The research-intensive University of Alberta offers more than 200 undergraduate programs and 170 graduate programs. Located south of the Legislature Building at one end of Whyte Avenue, where Edmontonians shop and socialize, the main campus is a serene green space surrounded by newer steel-and-glass buildings devoted to engineering, science and medicine. “The University of Alberta offers students an outstanding educational experience that both prepares and inspires them to contribute to the betterment of their community, the province, the nation and the world,” says president David Turpin. With an endowment that topped $1.2 billion in 2016, U of A is home to three $10-million Canada Excellence Research Chairs and it averages nearly $500 million in annual research funding. Undergraduates receive a strong foundation from professors who have been awarded more 3M National Teaching Fellowships than any other university. U of A has three other campuses in Edmonton, including francophone Campus Saint-Jean. The close-knit Augustana Campus is in nearby Camrose. The university attracts 6,500 international students and hosts more than 400 student clubs and associations.
• Computing Science: In one of the first programs of its kind in Canada, students learn from top artificial intelligence and game theory researchers—pioneers whose achievements include solving checkers and heads-up limit hold’em poker.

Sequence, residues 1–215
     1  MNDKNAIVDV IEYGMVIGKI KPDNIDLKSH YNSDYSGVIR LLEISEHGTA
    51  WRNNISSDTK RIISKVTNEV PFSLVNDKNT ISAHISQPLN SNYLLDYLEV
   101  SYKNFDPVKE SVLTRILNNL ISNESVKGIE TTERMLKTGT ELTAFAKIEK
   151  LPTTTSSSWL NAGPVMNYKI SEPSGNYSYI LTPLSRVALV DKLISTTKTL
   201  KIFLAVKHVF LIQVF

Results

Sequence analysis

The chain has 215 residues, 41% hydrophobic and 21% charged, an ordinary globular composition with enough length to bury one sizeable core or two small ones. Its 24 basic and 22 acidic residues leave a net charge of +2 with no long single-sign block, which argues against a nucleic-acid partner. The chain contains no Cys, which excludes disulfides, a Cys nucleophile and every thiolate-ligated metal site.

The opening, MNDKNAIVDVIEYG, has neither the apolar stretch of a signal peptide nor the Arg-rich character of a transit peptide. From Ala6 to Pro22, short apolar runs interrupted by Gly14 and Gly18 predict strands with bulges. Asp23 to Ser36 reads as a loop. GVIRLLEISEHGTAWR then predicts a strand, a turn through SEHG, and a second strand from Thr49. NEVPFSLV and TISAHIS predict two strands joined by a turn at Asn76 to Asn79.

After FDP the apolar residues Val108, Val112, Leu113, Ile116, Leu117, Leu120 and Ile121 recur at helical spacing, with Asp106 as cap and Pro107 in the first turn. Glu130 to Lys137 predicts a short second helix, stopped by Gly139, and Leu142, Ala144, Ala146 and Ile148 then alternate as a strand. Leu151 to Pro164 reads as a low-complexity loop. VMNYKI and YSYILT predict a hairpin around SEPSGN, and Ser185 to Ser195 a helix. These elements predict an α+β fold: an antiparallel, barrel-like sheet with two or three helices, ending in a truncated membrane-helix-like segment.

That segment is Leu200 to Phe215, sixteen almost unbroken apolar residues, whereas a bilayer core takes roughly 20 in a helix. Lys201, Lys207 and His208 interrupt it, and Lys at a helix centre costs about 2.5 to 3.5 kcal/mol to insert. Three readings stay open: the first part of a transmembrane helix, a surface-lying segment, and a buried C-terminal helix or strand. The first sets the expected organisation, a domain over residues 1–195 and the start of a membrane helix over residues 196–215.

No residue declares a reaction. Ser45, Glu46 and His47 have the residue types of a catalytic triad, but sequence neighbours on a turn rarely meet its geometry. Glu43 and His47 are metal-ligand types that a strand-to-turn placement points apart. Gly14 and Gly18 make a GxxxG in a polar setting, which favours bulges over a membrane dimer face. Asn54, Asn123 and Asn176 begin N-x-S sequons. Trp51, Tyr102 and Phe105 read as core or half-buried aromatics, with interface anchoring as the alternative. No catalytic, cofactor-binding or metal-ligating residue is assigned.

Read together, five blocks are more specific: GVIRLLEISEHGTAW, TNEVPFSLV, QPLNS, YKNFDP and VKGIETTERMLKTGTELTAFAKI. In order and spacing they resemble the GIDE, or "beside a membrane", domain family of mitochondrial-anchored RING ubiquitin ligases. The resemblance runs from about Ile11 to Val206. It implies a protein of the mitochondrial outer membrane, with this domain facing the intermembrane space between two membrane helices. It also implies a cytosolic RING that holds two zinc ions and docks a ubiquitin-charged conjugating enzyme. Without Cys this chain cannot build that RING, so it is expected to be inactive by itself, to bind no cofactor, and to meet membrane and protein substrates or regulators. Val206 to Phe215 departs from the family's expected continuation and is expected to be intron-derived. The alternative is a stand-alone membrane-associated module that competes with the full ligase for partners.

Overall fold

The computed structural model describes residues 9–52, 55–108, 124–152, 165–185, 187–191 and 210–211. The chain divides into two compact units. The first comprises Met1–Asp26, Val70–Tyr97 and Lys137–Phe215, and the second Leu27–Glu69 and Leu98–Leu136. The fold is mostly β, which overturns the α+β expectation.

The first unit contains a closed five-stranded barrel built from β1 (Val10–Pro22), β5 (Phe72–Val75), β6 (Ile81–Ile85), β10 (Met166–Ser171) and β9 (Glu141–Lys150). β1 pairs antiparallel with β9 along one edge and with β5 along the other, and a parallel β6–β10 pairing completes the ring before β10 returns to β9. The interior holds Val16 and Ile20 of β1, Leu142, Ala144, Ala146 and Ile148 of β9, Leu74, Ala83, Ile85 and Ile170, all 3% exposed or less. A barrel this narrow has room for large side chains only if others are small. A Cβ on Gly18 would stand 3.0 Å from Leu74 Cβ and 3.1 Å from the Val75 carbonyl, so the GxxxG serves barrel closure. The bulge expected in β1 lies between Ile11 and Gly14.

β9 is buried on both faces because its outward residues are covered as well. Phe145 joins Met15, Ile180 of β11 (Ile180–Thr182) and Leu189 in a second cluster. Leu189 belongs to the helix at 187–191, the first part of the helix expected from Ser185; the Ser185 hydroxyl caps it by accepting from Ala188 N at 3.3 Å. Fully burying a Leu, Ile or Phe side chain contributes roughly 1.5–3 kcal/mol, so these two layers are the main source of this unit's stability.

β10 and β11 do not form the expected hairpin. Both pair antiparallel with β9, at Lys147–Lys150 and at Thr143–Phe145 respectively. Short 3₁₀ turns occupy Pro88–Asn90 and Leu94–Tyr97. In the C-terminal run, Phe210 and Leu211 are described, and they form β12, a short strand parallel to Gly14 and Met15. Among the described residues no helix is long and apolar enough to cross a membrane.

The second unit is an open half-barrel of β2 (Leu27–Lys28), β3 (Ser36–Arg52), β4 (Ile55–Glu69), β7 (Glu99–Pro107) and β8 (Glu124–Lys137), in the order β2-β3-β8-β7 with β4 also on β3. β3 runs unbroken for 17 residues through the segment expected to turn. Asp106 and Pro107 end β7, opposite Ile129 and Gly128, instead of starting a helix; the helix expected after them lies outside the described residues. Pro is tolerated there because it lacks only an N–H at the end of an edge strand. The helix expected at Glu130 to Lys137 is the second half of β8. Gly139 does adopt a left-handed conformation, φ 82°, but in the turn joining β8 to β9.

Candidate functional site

• Drama: The technical theatre program blends practical behind-the-scenes skills with the business of theatre and production.
• Nanotechnology: After a common year, undergraduate engineers can specialize in a number of nanotechnology majors. On campus, the National Institute for Nanotechnology contains an acoustically shielded lab and microscopes for research at an atomic scale.
• Mountain Backcountry Field Skills: The high alpine meadows, snow slopes and glaciers of the spectacular Selkirk Mountains are the classroom for this week-long condensed summer course in a backcountry camp accessible only by helicopter.
• Teachers and Students as Cyborgs: Digital technologies have transformed how we teach and learn so much that we are becoming human cyborgs—hybrids fitted with technology that extends our abilities and influence. This course, offered by the faculty of education, explores the implications of this technological shift to how we teach and learn.
|Minimum entering grades||Tuition||Average class size||Number of students||Residence spaces||Graduation and retention rates|
|$6,370||1st & 2nd year: 56.6
3rd & 4th year: 24.2
|5,191 (2,200 reserved for first years)||Graduation: 78.8%